When I learnt how to custom paint, it was to use the skill in my jewellery, however, being a bassist I couldn’t resist painting a bass just because I could. It was an intricate design for my first go, but it worked out in the end. The bass itself works fine and sounds great, so I’m happy.
The first thing was to find a bass to paint, EBay obliged with £30 worth of slightly abused Fender Squire P-Bass. It was in a bit of a state but I cleaned it up took it apart and sanded it back. I took it almost back to the wood taking off the heavy commercial lacquer as I knew the gloss coat I was going to use on the top was thick so if I painted over the lacquer would have meant none of the fittings would have gone back on correctly. I used an electric sander and ended up looking like a Smurf with all the blue paint!
Once cleaned it was now ready to start the painting. First I needed to decide on and plan the design, I used one of my sound sketches as a starting point. It is based on a song – Muse’s Cave (Remix). It’s on YouTube here I took the initial sketch and fitted the design on to the bass on a 1:1 scale drawing. I knew I wanted it to be an abstract spacescape, so the background was a starry sky and the Milky Way would appear on the back.
I undercoated the body of the bass white with my mini-gun, I masked up the headstock and painted that white too. (I love my mini-gun, it’s a beautiful piece of pink anodised aluminium).
Now comes the complicated bit, a bass turns out to be an odd three-dimensional shape so evenly covering the whole thing in masking tape was a bit of a challenge but once that was done I could sketch out the design directly on to the tape. I worked out which order I wanted to do the painting in, what I had to keep masked, when. Look at the image of the 1:1 design drawing above and you’ll see my notes. I also made a titanium pick guard at this point. I wanted it as minimal as possible, just to cover the electrics. The masking tape was cut to do the deep space blue first.
Once the deep blue was sprayed both sides, much masking and re-masking ensued to paint the purple hoops and green spheres. I wanted the spheres to look vaguely earth-like so they are painted in swirling green and blues built up with the airbrush and taken back with a cotton bud soaked in reducer then built up again. I used my hand as an organic stencil which worked well
From here I keep stripping the masking tape off each piece of the design and painting as I go, next up was the lightning flash (this is the harsher sound of the electric guitar to the mellower purple bass hoops and electronic sounds of the spheres). The lightning flash is shaded with a bevelled edge to give it a three-dimensional feel like the spheres and hoops. Then jagged line around the edge which was originally to be yellow but I decided it would look better with an icy look so toned it down with some blue.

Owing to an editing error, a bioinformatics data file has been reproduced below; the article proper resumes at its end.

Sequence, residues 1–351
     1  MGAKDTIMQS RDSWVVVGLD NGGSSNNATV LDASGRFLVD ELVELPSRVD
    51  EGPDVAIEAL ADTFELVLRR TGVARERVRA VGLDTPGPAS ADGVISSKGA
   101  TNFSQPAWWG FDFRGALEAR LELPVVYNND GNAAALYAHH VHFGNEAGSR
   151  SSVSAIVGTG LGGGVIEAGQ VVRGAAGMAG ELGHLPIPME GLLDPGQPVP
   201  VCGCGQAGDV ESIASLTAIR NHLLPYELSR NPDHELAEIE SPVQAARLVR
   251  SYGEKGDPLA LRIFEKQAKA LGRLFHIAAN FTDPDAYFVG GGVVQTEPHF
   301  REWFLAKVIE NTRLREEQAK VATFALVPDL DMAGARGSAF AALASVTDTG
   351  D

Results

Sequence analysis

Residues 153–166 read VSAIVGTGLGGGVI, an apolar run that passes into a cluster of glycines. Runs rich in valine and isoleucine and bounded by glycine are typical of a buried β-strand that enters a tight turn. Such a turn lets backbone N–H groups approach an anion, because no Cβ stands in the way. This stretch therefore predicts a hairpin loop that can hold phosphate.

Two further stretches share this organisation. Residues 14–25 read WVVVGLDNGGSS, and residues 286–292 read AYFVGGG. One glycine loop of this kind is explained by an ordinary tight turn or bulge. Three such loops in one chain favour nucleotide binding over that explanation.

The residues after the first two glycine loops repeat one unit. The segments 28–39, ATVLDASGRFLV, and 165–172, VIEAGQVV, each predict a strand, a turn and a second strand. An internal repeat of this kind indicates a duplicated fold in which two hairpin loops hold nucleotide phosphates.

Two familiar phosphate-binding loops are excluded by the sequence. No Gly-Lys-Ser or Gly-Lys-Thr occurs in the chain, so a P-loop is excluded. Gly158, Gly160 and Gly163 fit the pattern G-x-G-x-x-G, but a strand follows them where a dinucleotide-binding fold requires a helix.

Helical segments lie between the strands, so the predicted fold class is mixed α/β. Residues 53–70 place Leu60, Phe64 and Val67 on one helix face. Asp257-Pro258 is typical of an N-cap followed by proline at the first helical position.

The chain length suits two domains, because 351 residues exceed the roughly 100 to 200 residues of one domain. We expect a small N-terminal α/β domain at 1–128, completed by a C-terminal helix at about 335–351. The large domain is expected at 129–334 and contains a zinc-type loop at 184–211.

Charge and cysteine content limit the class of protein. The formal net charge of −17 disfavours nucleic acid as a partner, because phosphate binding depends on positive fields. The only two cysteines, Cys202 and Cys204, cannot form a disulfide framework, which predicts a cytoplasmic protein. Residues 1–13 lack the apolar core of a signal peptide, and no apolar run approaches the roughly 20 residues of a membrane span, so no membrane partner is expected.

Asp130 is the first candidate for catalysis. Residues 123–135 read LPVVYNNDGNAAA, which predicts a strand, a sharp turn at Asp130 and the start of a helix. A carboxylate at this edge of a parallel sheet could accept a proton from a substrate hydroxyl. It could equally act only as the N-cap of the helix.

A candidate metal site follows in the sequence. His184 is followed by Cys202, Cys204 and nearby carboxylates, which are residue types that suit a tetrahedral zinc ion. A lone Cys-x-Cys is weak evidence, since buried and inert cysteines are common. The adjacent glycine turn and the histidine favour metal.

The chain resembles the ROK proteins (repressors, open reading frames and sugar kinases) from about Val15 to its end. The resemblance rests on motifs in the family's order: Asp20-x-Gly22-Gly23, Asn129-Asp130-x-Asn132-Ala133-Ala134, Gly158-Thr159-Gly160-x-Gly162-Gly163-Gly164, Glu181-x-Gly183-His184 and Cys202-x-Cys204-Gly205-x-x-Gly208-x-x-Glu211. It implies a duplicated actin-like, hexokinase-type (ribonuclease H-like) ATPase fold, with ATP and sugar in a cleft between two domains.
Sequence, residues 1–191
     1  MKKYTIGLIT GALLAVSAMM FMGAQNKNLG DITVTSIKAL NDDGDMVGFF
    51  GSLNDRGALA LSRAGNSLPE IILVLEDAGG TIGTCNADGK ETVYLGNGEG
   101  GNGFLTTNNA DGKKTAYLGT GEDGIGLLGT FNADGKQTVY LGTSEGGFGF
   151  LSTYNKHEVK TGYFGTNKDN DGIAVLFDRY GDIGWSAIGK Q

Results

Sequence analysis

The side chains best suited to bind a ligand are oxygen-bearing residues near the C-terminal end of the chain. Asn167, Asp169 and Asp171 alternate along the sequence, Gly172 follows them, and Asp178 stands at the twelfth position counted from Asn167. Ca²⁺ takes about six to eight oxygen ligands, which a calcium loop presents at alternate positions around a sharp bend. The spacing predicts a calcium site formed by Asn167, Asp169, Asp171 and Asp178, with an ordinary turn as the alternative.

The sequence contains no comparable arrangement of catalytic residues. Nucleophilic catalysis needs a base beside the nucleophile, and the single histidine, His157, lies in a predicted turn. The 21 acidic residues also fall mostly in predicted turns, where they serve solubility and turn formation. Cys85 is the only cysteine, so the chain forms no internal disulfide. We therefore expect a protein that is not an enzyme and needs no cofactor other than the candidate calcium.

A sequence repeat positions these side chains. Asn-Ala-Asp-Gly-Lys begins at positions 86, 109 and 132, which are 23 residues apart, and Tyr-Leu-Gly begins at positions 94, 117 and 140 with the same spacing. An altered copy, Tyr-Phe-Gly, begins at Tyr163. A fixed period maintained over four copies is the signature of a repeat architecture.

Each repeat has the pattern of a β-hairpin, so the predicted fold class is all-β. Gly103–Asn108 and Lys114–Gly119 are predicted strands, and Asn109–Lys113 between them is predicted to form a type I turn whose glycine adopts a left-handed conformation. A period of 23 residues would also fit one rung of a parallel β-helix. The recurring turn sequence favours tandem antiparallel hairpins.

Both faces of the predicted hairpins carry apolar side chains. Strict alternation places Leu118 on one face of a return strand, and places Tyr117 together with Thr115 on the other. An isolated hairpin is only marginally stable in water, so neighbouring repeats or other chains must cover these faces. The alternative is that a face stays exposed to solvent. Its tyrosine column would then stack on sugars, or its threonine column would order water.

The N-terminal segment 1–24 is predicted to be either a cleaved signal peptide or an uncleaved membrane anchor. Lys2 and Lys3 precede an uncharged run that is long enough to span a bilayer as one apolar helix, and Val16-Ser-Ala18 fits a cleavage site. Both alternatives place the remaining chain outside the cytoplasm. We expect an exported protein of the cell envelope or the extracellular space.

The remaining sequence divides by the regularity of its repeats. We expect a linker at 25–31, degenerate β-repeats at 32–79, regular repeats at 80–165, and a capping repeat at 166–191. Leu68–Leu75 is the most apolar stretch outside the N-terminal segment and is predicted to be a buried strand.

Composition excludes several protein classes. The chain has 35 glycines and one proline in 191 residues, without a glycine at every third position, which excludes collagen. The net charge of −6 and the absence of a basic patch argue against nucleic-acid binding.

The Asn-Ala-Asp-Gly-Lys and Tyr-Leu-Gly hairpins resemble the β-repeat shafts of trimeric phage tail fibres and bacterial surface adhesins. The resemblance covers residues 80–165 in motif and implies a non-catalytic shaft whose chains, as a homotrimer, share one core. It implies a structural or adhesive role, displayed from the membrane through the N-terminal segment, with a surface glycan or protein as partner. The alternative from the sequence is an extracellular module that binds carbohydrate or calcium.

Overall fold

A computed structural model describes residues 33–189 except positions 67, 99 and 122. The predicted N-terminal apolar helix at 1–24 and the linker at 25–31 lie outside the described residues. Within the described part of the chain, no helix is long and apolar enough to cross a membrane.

Now for the Milky Way. I had already spattered stars on the front when I painted the dark blue/black background, but this has to look like a specific feature of the night sky rather than just generic starry sky. I used several images of the Milky Way as source material and amalgamated them to fit the back of the bass. I loved painting this part best I think, the airbrush works so well for this kind of painting. Again I built up with the airbrush and worked back with a cotton bud soaked in reducer. I also painted the headstock with a starry night sky.
Now followed a bit of touching up and wrapping the green pipes? Tethers? Snakes? (I’ve no idea what they are!) around the top cutaway horn. This was the most complicated three dimensional part of the design and needed a bit of juggling to get it all to connect.
Happy with the painting now, so time to gloss coat. I lack the equipment (air fed mask and a spray booth) to use the usual gloss coat, so I decided to experiment with the epoxy resin I use in my jewellery. It is used as a flood coat in surfboard making so there is no reason I shouldn’t work on a bass. It creates a thick gloss coat that is very satisfactory although if there is the slightest bit of grease, it will pull away and leave a little crater! I had to redo this coat twice to get it right!
Some further finishing and polishing with Auto-Glym resin polish and it looked great. It then went off to an exhibition in the New Ashgate Gallery in Farnham.
Once it returned, from a spell of hanging on the wall all that remained to do was get it working. Luckily my husband is good with electronics so a bit of soldering, and it was working. I got it set up at my local guitar shop, and we were good to go. It’s a superb bass, a real workhorse, sturdy and holds down the low end brilliantly now with its shiny new paint job it looks deadly 🙂